Lou Golino published an excellent interview with Mint Director Ryder March 20, 2019 on Coin Week. Here's a short excerpt - be sure to see the
complete article online. -Editor
In less than a year, Mr. Ryder has already had a substantial impact on the U.S. Mint's operations and products. For example, he has initiated
partnerships with several foreign mints to develop products jointly with them and recently appointed Joseph Menna as the 13th Chief Engraver after that
position remained unfilled for almost a decade after the retirement of John Mercanti in 2010.
To explore his current initiatives and his ideas for revitalizing the Mint, I conducted a wide-ranging interview with him on March 15 on everything from
different forms of Liberty to how to better market numismatic products, work with the Congress to help craft legislation that impacts the Mint and encourage
more young people to enter the hobby and many others. During our discussion, he shared some important news that has not been previously reported.
One of the first questions was about the appointment of Joe Menna as Chief Engraver. -Editor
DR: One of the first things I did when I got here was to get the Chief Engraver position back into the Mint and engraving organization because I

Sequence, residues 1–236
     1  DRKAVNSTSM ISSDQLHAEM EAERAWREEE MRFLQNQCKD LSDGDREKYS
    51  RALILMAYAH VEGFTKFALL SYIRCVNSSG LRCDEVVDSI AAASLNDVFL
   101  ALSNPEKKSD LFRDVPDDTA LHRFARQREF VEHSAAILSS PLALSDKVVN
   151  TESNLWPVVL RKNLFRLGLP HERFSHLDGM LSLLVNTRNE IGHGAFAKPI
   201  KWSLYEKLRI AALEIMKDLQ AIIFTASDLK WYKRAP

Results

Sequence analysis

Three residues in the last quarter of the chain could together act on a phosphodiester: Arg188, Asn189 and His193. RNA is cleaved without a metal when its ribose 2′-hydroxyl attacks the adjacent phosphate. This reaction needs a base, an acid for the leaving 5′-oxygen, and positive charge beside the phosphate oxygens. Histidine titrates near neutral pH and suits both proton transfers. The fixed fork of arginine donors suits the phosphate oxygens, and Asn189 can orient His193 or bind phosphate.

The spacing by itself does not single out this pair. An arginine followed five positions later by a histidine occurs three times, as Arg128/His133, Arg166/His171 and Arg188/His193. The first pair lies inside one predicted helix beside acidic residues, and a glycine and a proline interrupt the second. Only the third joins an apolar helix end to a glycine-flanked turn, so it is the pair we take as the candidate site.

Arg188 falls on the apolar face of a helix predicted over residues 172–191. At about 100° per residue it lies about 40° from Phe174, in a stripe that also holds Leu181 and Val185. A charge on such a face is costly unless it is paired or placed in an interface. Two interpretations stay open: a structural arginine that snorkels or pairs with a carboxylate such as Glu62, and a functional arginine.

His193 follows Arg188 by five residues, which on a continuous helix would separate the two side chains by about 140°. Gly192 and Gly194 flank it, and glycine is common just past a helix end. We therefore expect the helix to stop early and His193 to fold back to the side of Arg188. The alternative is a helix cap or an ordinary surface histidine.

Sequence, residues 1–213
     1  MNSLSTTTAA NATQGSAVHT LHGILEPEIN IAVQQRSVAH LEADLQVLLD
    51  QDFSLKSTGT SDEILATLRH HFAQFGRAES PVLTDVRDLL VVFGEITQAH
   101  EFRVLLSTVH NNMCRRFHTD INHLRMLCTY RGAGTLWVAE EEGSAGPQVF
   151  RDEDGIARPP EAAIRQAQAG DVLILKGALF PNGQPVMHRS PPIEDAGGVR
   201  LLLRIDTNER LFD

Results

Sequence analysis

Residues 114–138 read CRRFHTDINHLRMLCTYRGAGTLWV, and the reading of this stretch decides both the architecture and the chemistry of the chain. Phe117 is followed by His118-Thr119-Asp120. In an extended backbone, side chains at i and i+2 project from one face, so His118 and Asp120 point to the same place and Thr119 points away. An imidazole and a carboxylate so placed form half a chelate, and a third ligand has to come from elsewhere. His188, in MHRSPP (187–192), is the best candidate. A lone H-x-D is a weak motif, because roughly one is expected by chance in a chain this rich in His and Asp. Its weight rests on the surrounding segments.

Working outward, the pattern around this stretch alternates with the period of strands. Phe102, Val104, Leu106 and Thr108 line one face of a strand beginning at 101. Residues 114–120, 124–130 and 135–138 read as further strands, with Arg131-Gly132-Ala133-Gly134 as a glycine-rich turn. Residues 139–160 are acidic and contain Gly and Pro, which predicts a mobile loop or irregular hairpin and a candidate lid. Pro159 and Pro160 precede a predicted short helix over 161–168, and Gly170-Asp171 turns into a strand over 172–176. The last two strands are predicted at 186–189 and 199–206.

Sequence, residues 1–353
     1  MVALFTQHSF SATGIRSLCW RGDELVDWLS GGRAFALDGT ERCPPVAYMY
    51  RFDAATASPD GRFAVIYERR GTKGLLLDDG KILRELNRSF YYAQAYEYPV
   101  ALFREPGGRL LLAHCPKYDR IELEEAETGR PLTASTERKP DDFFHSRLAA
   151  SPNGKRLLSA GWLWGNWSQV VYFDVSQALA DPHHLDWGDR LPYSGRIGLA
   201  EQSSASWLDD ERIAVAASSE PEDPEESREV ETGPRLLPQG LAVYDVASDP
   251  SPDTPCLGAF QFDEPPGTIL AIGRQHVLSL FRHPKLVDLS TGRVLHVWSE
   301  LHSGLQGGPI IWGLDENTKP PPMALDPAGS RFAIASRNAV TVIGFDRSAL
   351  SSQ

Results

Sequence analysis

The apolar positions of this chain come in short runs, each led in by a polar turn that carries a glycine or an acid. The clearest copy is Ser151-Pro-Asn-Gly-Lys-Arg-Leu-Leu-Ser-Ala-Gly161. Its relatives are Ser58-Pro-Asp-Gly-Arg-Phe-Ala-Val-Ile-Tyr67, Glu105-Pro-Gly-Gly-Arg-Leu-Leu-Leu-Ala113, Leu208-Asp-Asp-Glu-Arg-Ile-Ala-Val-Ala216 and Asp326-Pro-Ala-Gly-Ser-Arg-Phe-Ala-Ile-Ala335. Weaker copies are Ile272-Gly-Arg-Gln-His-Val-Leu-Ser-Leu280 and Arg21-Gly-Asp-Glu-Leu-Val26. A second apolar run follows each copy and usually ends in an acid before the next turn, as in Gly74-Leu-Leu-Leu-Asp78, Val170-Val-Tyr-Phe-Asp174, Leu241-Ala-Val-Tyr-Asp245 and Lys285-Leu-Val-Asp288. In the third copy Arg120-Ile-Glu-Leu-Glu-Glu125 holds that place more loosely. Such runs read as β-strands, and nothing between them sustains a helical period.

think it is important. I like Joseph's style and his enthusiasm for the job, and think he will bring that to the Philadelphia Mint and engraver shop. I
encourage them to do a much better job. I encouraged him to be creative and along those lines encouraged the CCAC [Citizens Coinage Advisory Committee] to be
more creative in their selection of designs.
I have been very vocal with our design staff to be more creative. I like the Artist Infusion Program to get more artists involved. I am a big proponent of
changing the status quo as far as designs. And Treasury Secretary Steven Mnuchin is very involved in the process. I think with Joe on board and a different
philosophy going forward with designs, I think it will go a long way. There are still things out of my control in the context of how designs are selected. But
going forward I plan on being a proponent to help legislators better interpret the legislation and be more creative as far as designs. And to have language
that gives designers more freedom, so I am a big proponent of changing the status quo.
To read the complete article, see:
Challenging the Status Quo: An
Interview With U.S. Mint Director David J. Ryder
Wayne Homren, Editor
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